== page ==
What really happened inside Miss USA?

Accusations of racism, sexual harassment and rigging have plagued the organization in recent years, but no reigning titleholder has ever quit. Then Miss USA and Miss Teen USA resigned in the same week.

Laylah Rose says she won her first pageant at age 2. With dark, glossy hair and a measured smile, she went on to enter many more. Yet, even as a girl, she dreamed of something bigger. Rose didn’t only want to wear a sash, as her mother and grandmother had done before her: She wanted to run Miss USA.

Last summer, Rose, 45, whose legal name is Laylah Loiczly, finally achieved that goal. In an email, she said she saw “opportunities to improve, enhance and in many ways repair the iconic brand.”

Those repairs were sorely needed. In recent years, Miss USA has weathered allegations of racism and sexual harassment, and has passed from owner to owner — one of them being Donald Trump. The 2022 suicide of Miss USA 2019 sent the organization reeling. In 2023, Rose’s predecessor was suspended after accusations of pageant rigging.

(Jeff Bottari | AP) In this June 16, 2013, file photo, Donald Trump, left, and Miss Connecticut USA Erin Brady pose onstage after Brady won the 2013 Miss USA pageant in Las Vegas.

In her first months in charge of the pageant, Rose got to work. (She bought the rights to manage Miss USA for an initial payment of $1.5 million, according to a preliminary deal document.) She helped secure a multiyear deal with The CW to broadcast the Miss USA pageant for the first time since 2016. In an interview, Renato Basile, a Hollywood producer she hired to work on the production, credited her with “bringing the luster back to Miss USA and Miss Teen.”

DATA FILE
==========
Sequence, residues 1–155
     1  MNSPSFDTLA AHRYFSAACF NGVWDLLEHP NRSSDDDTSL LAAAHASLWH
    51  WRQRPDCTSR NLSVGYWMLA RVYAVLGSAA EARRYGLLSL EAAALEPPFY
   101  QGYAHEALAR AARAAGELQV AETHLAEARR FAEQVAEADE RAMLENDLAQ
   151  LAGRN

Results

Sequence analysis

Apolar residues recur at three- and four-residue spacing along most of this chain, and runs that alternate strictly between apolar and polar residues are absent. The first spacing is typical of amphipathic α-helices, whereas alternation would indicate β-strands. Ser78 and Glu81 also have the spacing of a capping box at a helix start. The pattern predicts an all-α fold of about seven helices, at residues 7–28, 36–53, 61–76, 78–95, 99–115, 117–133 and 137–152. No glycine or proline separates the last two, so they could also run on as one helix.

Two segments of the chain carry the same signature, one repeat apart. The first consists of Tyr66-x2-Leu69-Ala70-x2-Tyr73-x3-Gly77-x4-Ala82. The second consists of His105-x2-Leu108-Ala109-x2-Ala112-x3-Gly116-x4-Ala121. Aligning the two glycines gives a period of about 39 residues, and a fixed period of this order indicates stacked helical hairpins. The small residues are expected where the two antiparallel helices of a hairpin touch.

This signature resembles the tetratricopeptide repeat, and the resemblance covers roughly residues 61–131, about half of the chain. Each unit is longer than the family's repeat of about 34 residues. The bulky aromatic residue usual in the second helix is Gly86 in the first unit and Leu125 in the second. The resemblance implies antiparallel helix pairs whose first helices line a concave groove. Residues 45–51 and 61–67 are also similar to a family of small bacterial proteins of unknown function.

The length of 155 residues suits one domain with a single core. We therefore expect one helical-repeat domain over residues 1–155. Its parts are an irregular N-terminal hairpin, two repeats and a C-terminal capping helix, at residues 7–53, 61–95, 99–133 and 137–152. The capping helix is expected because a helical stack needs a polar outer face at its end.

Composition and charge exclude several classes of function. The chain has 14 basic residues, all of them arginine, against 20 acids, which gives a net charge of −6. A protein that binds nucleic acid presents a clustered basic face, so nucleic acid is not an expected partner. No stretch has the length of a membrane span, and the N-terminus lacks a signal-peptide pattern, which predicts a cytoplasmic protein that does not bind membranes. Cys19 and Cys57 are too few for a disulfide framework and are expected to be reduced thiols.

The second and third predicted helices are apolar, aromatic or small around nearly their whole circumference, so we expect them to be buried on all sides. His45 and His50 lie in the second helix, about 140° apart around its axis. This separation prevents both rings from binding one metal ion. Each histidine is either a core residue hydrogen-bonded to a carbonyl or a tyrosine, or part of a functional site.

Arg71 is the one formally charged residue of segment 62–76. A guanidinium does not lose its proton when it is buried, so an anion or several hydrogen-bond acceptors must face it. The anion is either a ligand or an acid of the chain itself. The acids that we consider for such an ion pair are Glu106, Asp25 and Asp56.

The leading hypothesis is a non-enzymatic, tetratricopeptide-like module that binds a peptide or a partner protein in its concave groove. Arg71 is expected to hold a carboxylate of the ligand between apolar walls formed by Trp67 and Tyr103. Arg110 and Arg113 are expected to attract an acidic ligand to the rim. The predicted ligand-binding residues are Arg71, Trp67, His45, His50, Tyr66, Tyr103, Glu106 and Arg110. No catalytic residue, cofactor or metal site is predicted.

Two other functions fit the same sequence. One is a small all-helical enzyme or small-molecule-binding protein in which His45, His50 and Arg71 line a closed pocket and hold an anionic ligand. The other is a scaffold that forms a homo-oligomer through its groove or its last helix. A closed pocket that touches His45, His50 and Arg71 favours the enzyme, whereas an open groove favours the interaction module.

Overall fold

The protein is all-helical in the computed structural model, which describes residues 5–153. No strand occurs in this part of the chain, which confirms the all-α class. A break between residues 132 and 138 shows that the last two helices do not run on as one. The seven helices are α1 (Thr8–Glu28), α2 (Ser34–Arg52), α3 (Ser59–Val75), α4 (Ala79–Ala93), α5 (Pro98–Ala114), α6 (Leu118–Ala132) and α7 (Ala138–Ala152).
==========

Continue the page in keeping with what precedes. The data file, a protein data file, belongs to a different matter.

But less than a year into Rose’s tenure as the president and CEO of the organization, the reigning Miss USA and Miss Teen USA, Noelia Voigt, who is from Utah, and UmaSofia Srivastava, stepped down within days of each other. In the pageant’s seven-decade history, no winner had ever quit.

Careful observers identified what they believe to be a secret message hidden in Voigt’s Instagram post announcing her resignation: “I AM SILENCED.”

Read more: Utah’s Miss USA cited sexual harassment, ‘toxic work environment’ in resignation, report says

(Trent Nelson | The Salt Lake Tribune) Miss USA Noelia Voigt at Arempas in Salt Lake City on Saturday, Oct. 7, 2023.

The departures rocked the pageant world, but were less than shocking to those who knew Rose. In interviews with over two dozen pageant insiders, several people familiar with Rose said she had a tendency to overpromise and under-deliver. They recalled frequent staff turnover, describing her as abrasive and self-obsessed. Several people said the environment she created at the organization was toxic.

“I’m not surprised that Noelia stepped down,” Kimberly Nicewonder, the longtime director of the Virginia pageants, said of the former Miss USA. “I just thought it would have happened sooner.”

Disillusioned with the crown